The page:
This article first appeared in the St. Louis Beacon: In a properly functioning democratic system, the legislature should make the key policy decisions, and executive officials should implement those decisions. There is no more important policy decision than determining what types of crimes merit capital punishment. In Missouri, the legislature has effectively delegated that decision to county prosecutors.
Two co-authors and I recently completed a detailed empirical study of capital punishment in Missouri. The data show that only 2.5 percent of defendants prosecuted for intentional homicide are sentenced to death. In about 2.5 percent of cases, juries reject the death penalty. This means that 95 percent of intentional homicide cases are never presented to juries as capital cases. However, more than 76 percent of intentional homicide cases are eligible for the death penalty under the statute.
Discretionary choices by individual prosecutors account for the difference between the 76 percent of cases that are death-eligible and the 5 percent that are presented to juries as capital cases. In sum, in 71 percent of intentional homicide cases in Missouri, prosecutors decide not to pursue a capital trial even though the case is death-eligible under the rules promulgated by the legislature.
If prosecutors in different counties exercised their discretion in similar ways, the system would not produce arbitrary results. In fact, though, substantial variations exist across counties.
Prosecutors in St. Louis County pursued capital trials in more than 7 percent of their intentional homicide cases. In contrast, prosecutors in Jackson County (Kansas City) pursued capital trials in fewer than one-half of 1 percent of their cases. These disparities raise the disturbing possibility that decisions about who lives and who dies may be guided more by the philosophical predilections of individual prosecutors than the culpability of individual defendants.
Two key factors contribute to the breadth of prosecutorial discretion and the arbitrariness associated with large variations across counties.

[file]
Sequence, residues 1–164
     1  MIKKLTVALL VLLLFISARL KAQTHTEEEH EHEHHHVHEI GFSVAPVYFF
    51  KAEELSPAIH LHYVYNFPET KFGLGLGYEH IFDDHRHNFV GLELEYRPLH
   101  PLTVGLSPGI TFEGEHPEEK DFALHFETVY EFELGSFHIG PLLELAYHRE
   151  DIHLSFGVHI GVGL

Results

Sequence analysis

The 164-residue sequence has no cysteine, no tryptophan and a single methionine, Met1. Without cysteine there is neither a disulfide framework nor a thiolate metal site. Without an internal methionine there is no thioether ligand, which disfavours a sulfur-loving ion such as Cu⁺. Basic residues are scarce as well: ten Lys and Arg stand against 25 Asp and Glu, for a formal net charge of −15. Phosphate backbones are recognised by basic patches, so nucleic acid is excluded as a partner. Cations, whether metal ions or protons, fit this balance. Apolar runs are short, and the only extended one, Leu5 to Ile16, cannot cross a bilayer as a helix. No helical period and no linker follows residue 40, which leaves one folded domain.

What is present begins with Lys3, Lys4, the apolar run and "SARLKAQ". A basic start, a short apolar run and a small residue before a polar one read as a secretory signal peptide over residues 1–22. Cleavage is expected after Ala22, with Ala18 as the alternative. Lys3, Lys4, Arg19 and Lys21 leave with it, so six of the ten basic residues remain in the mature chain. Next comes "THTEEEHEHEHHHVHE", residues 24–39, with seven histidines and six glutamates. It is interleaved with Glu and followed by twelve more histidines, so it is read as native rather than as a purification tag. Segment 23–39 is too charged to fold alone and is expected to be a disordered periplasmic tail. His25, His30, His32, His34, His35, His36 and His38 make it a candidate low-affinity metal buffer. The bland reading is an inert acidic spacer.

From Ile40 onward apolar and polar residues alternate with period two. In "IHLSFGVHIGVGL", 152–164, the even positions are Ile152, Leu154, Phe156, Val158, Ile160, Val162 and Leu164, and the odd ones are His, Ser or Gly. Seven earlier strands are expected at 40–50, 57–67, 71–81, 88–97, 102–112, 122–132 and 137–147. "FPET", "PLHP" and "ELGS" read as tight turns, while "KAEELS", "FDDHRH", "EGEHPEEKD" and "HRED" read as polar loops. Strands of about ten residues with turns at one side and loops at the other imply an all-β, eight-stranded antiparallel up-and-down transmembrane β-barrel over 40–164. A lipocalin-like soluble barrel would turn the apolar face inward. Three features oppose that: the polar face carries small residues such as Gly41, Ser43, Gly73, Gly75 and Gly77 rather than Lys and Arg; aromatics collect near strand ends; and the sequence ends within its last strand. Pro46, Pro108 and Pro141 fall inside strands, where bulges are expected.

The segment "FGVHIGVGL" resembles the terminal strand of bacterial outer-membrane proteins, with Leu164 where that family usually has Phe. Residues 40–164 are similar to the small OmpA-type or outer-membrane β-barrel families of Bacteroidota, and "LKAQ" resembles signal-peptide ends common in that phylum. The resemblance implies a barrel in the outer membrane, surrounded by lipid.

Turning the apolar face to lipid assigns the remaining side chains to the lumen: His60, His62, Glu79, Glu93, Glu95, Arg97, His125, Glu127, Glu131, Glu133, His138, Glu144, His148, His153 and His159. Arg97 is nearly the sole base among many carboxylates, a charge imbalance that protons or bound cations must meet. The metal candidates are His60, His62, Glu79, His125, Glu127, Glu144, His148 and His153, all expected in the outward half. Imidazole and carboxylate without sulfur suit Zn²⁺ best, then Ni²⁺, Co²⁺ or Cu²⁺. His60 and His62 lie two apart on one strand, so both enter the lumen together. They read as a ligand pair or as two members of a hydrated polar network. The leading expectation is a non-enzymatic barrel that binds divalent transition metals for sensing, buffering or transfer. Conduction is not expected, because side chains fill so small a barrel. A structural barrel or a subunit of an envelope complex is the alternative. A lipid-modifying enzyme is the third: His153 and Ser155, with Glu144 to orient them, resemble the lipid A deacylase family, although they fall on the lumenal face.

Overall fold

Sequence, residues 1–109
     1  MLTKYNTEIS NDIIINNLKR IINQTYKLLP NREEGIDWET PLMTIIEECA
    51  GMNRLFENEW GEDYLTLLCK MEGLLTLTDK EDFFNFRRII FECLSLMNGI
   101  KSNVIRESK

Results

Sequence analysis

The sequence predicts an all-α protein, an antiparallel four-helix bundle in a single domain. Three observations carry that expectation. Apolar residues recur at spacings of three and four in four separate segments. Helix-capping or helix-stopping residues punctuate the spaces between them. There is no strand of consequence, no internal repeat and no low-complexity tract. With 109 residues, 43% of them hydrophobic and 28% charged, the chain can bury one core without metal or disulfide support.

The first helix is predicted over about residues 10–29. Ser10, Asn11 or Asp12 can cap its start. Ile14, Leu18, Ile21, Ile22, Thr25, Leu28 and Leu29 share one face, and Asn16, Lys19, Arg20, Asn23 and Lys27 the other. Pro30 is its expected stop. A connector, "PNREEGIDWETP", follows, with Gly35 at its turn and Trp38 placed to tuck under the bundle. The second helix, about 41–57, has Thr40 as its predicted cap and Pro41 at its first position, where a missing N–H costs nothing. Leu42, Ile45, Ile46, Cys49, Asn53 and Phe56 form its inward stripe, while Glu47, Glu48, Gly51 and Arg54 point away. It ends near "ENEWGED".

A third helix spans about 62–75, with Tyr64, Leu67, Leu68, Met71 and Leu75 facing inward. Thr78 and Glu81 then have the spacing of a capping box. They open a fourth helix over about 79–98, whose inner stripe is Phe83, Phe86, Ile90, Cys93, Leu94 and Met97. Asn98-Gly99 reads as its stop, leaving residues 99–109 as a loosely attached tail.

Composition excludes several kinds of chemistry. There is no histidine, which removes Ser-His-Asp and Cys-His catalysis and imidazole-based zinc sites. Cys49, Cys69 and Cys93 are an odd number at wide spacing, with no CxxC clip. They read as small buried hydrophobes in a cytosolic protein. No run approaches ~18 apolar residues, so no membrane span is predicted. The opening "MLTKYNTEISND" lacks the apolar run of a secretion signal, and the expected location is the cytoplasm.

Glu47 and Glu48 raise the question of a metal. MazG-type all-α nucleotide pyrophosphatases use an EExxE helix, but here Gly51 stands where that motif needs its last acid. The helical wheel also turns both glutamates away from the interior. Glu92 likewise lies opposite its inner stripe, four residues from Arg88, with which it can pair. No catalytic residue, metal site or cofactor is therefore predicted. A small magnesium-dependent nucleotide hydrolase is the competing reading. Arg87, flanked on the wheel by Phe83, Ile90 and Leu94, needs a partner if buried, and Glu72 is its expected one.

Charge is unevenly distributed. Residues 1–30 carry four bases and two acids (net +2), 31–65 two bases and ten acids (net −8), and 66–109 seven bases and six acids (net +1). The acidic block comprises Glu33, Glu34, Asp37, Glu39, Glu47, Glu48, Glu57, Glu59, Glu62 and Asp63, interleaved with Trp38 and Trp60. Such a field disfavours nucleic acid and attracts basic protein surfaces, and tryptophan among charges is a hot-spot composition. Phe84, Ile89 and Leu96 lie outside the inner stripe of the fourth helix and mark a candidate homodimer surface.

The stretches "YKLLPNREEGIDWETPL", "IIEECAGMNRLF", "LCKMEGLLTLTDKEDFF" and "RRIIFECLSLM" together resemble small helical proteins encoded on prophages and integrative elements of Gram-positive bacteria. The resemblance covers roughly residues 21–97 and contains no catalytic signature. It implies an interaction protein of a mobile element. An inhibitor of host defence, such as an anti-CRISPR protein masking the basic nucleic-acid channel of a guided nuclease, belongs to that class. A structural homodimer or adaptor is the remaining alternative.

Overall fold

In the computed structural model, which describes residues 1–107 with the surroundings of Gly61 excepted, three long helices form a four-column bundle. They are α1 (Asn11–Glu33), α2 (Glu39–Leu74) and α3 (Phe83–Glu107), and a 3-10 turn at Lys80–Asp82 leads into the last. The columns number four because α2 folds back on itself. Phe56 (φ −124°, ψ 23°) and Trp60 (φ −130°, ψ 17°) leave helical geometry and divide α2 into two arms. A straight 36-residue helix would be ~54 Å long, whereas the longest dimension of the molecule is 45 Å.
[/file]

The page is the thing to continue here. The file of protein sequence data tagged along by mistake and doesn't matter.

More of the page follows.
The first is the statutory line that separates first degree murder (M1) from second degree murder (M2). M1 cases are death-eligible; M2 cases are not.
Under Missouri law, about 85 percent of intentional homicide cases are statutorily eligible to be prosecuted as M1. However, only about 23 percent of the cases yield M1 convictions. Discretionary decisions by individual prosecutors account for the vast majority of the difference between the 85 percent of cases that are M1-eligible, and the 23 percent that yield M1 convictions.
Not surprisingly, there are substantial variations across counties in the rate at which prosecutors pursue M1 charges. For example, prosecutors in St. Louis city charged M1 in 85 percent of their intentional homicide cases, whereas prosecutors in Jackson County charged M1 in only 29 percent of their cases. This striking contrast provides compelling evidence that, in practice, the distinction between M1 and M2 is left almost entirely to prosecutorial choice.
The second key factor is the statutory list of aggravating factors. Under current law, if a defendant is convicted of M1, the prosecutor must still prove the presence of one or more aggravating factors to obtain a death sentence. However, this is a remarkably low hurdle, as at least one aggravating factor is present in about 90 percent of M1-eligible cases. In theory, the aggravating factors should narrow the class of murder cases that are eligible for the death penalty. In practice, though, the factors are so numerous and broad that 90 percent of M1-eligible cases are death-eligible.
If Missouri is going to continue imposing capital punishment on about 2-3 percent of defendants who commit intentional homicides, the death penalty should be reserved for the "worst of the worst." My co-authors and I have proposed a narrower statutory definition of M1 that would require real premeditation. (The current statute requires "deliberation," but this requirement is virtually meaningless because the killer can deliberate "in the blink of an eye.") Under our proposed statute, only about 36 percent of intentional homicide cases would be M1-eligible. We also propose legislation that would reduce the number of statutory aggravating factors and narrow the scope of the factors that remain. Under this proposal, only about 40 percent of M1-eligible cases would be death-eligible.
By adopting these proposed statutory reforms, the legislature could promote greater consistency across counties in prosecutorial decision-making and re-assert legislative control over key policy decisions about which homicide defendants are truly the "worst of the worst."
David Sloss is a professor of law at St. Louis University School of Law.